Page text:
U.S. officials have insisted that al-Awlaki had shifted in the past couple of years from speaking out against the U.S. to helping to organize attacks against it, though officials have yet to offer evidence publicly in court to back up those charges. Intelligence officials say they have linked al-Awlaki to the Fort Hood shootings in November 2009, as well as to a failed plot to bring down an American airliner in late 2010.
One former state department official told The Huffington Post on Friday that American intelligence evaluations have concluded that Awlaki has taken on a more operational capacity in recent years. He pointed to a recent issue of the Al Qaeda propaganda magazine Inspire, in which an article that American officials believed to have been penned by al-Awlaki was signed "Head of Foreign Operations."
"This happened over the last couple of years," the former official said. "Before that, he was much more of an inspirational leader, but this really changed up after he got to Yemen."
Nevertheless, the internal debate over whether his killing would be legal or appropriate, the former official said, was intense.
"I can tell you the government was really torn on this issue," he said. "There was a lot of hand wringing. It was not an easy call."
"It'll be really interesting to see if the U.S. now comes out and makes the public case about why they killed him," Johnsen said.
Nevertheless, the national security establishment is celebrating his death. Jane Harman is the former chair of the House homeland security subcommittee on intelligence and now president of Woodrow Wilson International Center for Scholars. "It's tricky that he was a U.S. citizen, but he clearly stated his intention to kill Americans and the Justice Department thoroughly vetted the legal issues and this strike was within the law," said Harman.
Frank Cilluffo, director of the Homeland Security Policy Institute at George Washington University said that while Awlaki was a native-born U.S. citizen, "He made his bed. He was obviously targeting the United States and took part in treasonous activity ... He not only joined up but was in the leadership of an organization that has declared war on the United States."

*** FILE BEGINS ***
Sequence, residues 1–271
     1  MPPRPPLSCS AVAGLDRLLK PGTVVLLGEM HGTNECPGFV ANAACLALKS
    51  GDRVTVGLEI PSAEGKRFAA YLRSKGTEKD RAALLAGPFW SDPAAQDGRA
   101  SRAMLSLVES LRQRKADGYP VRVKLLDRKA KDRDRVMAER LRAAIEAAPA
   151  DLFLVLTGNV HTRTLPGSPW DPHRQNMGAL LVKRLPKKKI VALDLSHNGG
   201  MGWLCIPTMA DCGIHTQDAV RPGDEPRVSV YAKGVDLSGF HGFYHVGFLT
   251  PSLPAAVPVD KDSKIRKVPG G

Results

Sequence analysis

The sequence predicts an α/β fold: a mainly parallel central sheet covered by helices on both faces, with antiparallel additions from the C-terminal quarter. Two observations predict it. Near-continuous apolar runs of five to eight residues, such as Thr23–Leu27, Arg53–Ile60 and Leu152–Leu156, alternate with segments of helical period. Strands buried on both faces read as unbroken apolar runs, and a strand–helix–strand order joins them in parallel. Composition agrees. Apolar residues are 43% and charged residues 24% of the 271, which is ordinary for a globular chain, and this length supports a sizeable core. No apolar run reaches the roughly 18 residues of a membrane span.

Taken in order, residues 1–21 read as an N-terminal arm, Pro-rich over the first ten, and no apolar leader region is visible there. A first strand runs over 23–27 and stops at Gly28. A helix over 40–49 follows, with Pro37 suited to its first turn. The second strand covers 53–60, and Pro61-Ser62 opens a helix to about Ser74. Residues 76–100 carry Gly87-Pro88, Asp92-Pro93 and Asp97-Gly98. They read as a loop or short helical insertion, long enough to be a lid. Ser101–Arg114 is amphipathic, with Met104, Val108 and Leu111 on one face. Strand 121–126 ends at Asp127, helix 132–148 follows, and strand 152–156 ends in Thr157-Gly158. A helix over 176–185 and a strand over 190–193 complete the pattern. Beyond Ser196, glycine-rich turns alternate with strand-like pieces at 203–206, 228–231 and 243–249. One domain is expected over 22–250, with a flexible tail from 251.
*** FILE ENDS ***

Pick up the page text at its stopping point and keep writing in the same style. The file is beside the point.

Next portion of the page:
That doesn't excuse his killing, said Mary Ellen O'Connell, a Notre Dame scholar who studies targeted killings. "Derogation from the fundamental right to life is permissible only in battle zones or to save a human life immediately," said O'Connell. "The killing of Anwar Al-Awlaki did not occur in these circumstances. International law and moral principle have been breached in a place where the United States should be demonstrating non-violence and support for peaceful means of transforming society."
Rep. Ron Paul (R-Texas), who is running for the GOP presidential nomination, said that the killing is troubling. "No, I don't think that's a good way to deal with our problems," Paul said after a campaign event in New Hampshire. "Al-Awlaki was born here, he is an American citizen. He was never tried or charged for any crimes. No one knows if he killed anybody. We know he might have been associated with the underwear bomber. But if the American people accept this blindly and casually that we now have an accepted practice of the president assassinating people who he thinks are bad guys, I think it's sad."
Paul noted the different treatment afforded the Oklahoma bomber. "What would people have said about Timothy McVeigh? We didn't assassinate him, and they were pretty certain he had done it. They went and put him through the courts, and then they executed him. To start assassinating American citizens without charges, we should think very seriously about this."